Other seed fell among thorns, which grew up and choked the plants. Still other seed fell on good soil, where it produced a crop–a hundred, sixty or thirty times what was sown. Matthew 13:7-8
Aggie Hurst knew she had Swedish parents who had given her to an American couple who raised her. When she went to her mailbox one day and found a Swedish magazine, she couldn’t read the words; but one picture, however, caused her hands to perspire and her heart to race. It was a photo of a grave marked by a white cross and on the cross were words she did recognize–Svea Flood, the name of her mother.
Aggie jumped in her car and drove to the office of a friend who could read Swedish and asked, “What does this mean?” The story was about a missionary who had come to N’dolera, then part of the Belgian Congo in Africa. It was the story of an African boy who had grown up and built a school, leading the entire village to the Lord. It said more than 600 villages had been converted.
And how was Aggie connected to all of this? In his book Fresh Power Jim Cymbala tells the story, one of the most touching, profound dramas imaginable. It began in 1921 when a Swedish couple, David and Svea Flood, went to Africa, where they teamed up with another Scandinavian couple, the Ericksons, to reach a village for the Lord. The pagan village chief, however, didn’t cooperate. So the two couples were forced to build their tiny mud houses several kilometers away from the village. The only contact which the chief allowed was for a boy to visit them twice weekly selling them chickens and eggs. Svea Flood, however, focused her love and attention on this one boy and led him to Christ. One convert! Then tragedy struck.
Following a difficult pregnancy when she brought a baby girl into the world, she died of complications from childbirth. Jim Cymbala explains, “Inside David Flood, something snapped in that moment. He dug a crude grave, buried his twenty-seven-year-old wife, and then took his children back down the mountain to the mission station. Giving his newborn daughter to the Ericksons, he snarled, ‘I’m going back to Sweden. I’ve lost my wife, and I obviously can’t take care of this baby. God has ruined my life.'” (Jim Cymbala, Fresh Power, Grand Rapids, MI: Zondervan, p.116).
For David, it was the end of the God-trip. He turned his back on God, eventually remarried and had more children, but had one rule in the house: “God is never to be spoken of.” But God wasn’t finished with him.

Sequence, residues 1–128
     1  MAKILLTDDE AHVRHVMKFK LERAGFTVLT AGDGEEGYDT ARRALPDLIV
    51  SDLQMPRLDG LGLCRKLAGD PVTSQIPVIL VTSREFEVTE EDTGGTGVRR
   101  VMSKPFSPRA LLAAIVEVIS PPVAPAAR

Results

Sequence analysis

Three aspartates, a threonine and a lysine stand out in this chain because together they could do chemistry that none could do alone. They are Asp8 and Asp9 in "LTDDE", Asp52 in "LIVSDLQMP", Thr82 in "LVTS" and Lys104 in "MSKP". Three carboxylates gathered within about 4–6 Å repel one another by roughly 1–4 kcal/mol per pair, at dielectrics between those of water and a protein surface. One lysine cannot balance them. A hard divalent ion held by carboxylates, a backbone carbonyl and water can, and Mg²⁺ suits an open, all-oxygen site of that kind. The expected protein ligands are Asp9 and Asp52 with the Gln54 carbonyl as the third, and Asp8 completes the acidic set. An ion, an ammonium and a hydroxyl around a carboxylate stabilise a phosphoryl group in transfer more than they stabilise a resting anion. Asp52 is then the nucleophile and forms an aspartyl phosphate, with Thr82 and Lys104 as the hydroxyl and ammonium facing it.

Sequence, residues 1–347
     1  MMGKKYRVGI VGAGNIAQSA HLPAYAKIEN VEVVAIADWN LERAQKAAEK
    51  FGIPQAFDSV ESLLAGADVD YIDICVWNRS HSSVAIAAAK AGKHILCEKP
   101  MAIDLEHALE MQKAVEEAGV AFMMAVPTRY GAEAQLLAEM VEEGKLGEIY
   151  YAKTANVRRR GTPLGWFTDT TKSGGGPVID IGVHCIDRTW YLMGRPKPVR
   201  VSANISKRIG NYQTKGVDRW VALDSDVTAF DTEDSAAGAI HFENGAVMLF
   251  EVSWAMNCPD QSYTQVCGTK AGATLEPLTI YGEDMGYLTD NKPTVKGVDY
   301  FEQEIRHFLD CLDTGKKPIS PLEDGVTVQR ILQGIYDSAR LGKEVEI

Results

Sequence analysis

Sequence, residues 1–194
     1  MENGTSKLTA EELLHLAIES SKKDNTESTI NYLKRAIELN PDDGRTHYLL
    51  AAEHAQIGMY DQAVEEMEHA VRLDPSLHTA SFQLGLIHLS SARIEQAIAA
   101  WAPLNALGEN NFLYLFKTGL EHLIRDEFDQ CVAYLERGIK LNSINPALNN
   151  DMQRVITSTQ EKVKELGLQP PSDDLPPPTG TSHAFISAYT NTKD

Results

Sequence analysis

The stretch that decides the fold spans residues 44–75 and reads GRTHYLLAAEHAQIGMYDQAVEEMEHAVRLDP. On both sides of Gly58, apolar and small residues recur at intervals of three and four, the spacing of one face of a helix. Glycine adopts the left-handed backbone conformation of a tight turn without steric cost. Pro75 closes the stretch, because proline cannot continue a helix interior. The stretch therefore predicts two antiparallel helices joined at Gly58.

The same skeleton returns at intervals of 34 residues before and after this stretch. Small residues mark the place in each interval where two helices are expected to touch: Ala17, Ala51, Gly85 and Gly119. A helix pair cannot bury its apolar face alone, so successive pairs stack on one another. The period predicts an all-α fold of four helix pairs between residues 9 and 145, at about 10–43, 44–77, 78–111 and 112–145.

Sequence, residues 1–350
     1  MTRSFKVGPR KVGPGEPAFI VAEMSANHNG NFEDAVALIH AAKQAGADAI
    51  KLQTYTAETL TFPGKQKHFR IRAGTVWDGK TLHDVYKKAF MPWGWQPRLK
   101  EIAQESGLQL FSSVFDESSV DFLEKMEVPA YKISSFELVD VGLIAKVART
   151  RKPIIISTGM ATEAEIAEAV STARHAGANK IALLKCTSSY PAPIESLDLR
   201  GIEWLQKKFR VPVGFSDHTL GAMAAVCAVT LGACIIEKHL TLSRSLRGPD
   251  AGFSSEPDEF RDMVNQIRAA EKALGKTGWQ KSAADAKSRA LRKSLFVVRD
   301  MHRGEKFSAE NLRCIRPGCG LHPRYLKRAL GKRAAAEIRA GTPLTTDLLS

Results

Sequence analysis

Here’s the unbelievable chain of events. When the Ericksons both died of malaria, an American couple took the child, gave her an American name and brought her to the U.S. Aggie was that child.
After she read the article, she had a compulsion to go to Sweden and find her father. Walking into a filthy apartment, strewn with liquor bottles, Aggie approached a broken man lying in a dirty bed. “Papa?” she said. And he turned to her, crying, “I never meant to give you away!” Then the tears stopped and the old man turned towards the wall. Slowly Aggie recounted the story told by the magazine, that his wife, her mother, didn’t die in vain, that the little boy who sold them chickens and eggs, grew up and became a powerful force for God, and that over 600 people in the village were now Christians.
The story doesn’t end there. Today the man who was that same little boy is superintendent of the national church with well over 110,000 baptized believers.
When you grow weary in the battle and think that what you do doesn’t count, that you are a failure, remember the true story of David Flood and his wife, Svea. God promised, “My word …shall not return to Me void” (Isaiah 53:11, NKJV). The seed that was planted in the heart of one little boy resulted in a great harvest–one that David Flood couldn’t see but one which God nurtured and brought to completion.
Resource reading: Matthew 13:1-23
EDITOR’S NOTE: The original title of this article was THE REMARKABLE STORY OF SVEA FLOOD